📖 🇳🇱 #2: A Booker winning Dutch debut
Marieke Lucas Rijneveld’s The Discomfort of Evening
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It would have been difficult to miss Marieke Lucas Rijneveld’s The Discomfort of Evening this year. The winner of the Man Booker International Prize 2020, it feels as though it’s been read and reviewed by just about everyone. As Barbara den Ouden from the Dutch Foundation for Literature told me over the phone, she can’t remember the last time a book from the Netherlands achieved this level of international success. Needless to say, I was intrigued.
The Discomfort of Evening is Rijneveld’s debut novel. It took them six years to complete and draws on the author’s rural upbringing, as well as the experience of losing their brother at a young age, to tell the story of a devout farming family as they grieve the loss of their son, Matthies.
The novel is narrated by Jas, Matthies’ ten-year-old sister whose naivety about death is endearing and heart-breaking in equal measure. She worries, for example, that Matthies won’t be able to pay his library fines in heaven because he didn’t have any cash on him when he died.
As Jas’ parents become consumed by grief, their devotion begins to manifest itself in a series of impossibly strict rules and cruel punishments enforced to keep both children and livestock in check. While Jas’s mother experiences a psychotic episode, her father’s rules become increasingly arbitrary. “There’s never any warning that we’re about to pray or that Dad’s going to say grace, so you just have to sense it.”
Meanwhile Jas and her siblings enter puberty, exploring—and abusing—their own bodies and playing wicked games with the animals on their farm. Rijneveld’s decision to tell their story from the perspective of a ten-year-old is brave, and it pays off. In one particularly graphic scene, Jas pushes a drawing pin through her belly button after her teacher asks where in the world her students would most like to go. When one girl shouts “Canada,” the teacher sticks a pin in the map on the classroom wall. Later that day, Jas copies her teacher by mutilating her own stomach.
“‘One day I’d like to go to myself,’ I say quietly, pushing the pin into the soft flesh of my navel. I bite my lip so as not to make a sound, and a trickle of blood runs down to the elastic of my pants and soaks into the fabric. I daren’t take out the pin, afraid blood will gush out everywhere, and everyone in the house will know that I don’t want to go to God but to myself.”
Linguistically rich, The Discomfort of Evening is teeming with bold, penetrating similes, each one more revolting than the last. Diarrhoea reminds Jas of the caramel sauce her granny used to pour on her rice pudding; her sister’s tongue feels like a leftover steak that has been heated in the microwave; a vagina looks like slug that’s been cut open.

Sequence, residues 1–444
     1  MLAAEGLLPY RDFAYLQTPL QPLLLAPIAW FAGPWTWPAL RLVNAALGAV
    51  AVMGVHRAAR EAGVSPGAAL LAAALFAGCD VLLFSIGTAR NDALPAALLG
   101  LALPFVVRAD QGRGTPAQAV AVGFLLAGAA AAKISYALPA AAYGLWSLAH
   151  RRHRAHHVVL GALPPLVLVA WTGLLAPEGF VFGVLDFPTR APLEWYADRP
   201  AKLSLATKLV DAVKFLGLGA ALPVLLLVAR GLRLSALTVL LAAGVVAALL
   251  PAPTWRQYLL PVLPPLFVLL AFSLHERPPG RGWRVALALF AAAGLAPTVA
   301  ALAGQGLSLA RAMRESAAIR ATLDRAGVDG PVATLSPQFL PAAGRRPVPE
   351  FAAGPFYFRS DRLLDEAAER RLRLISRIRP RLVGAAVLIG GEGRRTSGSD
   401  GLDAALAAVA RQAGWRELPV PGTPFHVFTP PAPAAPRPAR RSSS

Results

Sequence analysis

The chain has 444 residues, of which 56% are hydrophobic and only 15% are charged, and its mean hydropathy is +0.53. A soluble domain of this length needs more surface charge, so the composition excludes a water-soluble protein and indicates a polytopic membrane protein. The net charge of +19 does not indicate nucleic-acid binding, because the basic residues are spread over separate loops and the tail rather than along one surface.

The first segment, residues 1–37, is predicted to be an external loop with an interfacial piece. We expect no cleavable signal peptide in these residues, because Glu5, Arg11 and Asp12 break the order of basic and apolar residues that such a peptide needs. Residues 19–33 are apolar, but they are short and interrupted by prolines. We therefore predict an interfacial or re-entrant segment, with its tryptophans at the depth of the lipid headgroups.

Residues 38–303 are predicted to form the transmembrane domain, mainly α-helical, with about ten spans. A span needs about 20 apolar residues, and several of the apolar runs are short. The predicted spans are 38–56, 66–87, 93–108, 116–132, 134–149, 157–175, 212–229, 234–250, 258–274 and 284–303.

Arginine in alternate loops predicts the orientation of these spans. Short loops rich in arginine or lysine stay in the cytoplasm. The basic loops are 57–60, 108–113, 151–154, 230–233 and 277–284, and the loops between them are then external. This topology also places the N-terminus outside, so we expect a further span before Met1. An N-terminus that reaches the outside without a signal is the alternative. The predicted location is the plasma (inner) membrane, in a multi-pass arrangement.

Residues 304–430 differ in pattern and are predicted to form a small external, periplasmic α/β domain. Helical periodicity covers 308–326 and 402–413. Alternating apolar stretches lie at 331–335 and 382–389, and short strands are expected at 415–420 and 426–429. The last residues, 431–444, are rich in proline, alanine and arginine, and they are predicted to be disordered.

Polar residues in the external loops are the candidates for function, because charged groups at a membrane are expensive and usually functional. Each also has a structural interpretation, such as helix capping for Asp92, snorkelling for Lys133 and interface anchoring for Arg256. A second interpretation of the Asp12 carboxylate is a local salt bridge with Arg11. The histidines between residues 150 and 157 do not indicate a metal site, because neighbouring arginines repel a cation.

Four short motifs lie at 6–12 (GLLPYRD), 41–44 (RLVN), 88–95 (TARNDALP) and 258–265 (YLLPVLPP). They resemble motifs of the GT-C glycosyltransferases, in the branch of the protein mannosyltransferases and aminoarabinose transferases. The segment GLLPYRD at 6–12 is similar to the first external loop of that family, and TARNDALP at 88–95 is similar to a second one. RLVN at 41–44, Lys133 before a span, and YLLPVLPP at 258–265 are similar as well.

But for all of its unsettling imagery, of which there’s certainly no shortage, The Discomfort of Evening is a surprisingly funny novel. Jas’ naivety leads to all sorts of sweet observations and wrongly drawn conclusions. “I could hardly imagine a [church] service without my dad being there,” ponders Jas. “I sometimes ask myself what would become of God without my father.”
At 282-pages The Discomfort of Evening is a short novel. But it’s by no means a quick read. It took me handful of sittings to get through, but I’m glad I stuck with it: it’s a book that’s going to stay with me for a long time.
The Discomfort of Evening by Marieke Lucas Rijneveld, translated by Michele Hutchison (Faber & Faber, 2020 / De Bezige Bij, 2018)
More books by Dutch authors
Here’s a list of other recommendations I received this week:
Roxy by Esther Gerritsen, tr. Michele Hutchison
Gliding Flight by Anne-Gine Goemans, tr. Nancy Forest-Flier
Taxi: Stories from the Back Seat by Aimée de Jongh
Giovanna’s Navel by Ernest van der Kwast, tr. Laura Vroomen
Bird Cottage by Eva Meijer, tr. Antoinette Fawcett
The Dutch Maiden by Marente de Moor, tr. David Doherty
Sleepless Night by Margriet de Moor, tr. David Doherty
Grand Hotel Europa by Ilja Leonard Pfeijffer, tr. Michele Hutchison
The Consequences by Niña Weijers, tr. Hester Velmans
The Death of Murat Idrissi by Tommy Wieringa, tr. Sam Garrett
What have you read recently?
If you’ve read a brilliant book in translation or want to pass on a recommendation, I’d love to hear about it! For this project, I’m focussing on contemporary fiction and short stories, with a preference for female authors—but I won’t be too dogmatic about it so do share recommendations that don’t quite fit the bill, too.
You can get in touch by replying to this email or leaving a comment. I’ll be featuring your recommendations in upcoming newsletters, and I’ll keep a growing list here.
Bookmarked is written by Tabatha Leggett. Thank you to Barbara den Ouden from the Dutch Foundation for Literature for her recommendations for this issue. If you think someone you know would enjoy this newsletter, please forward it to them!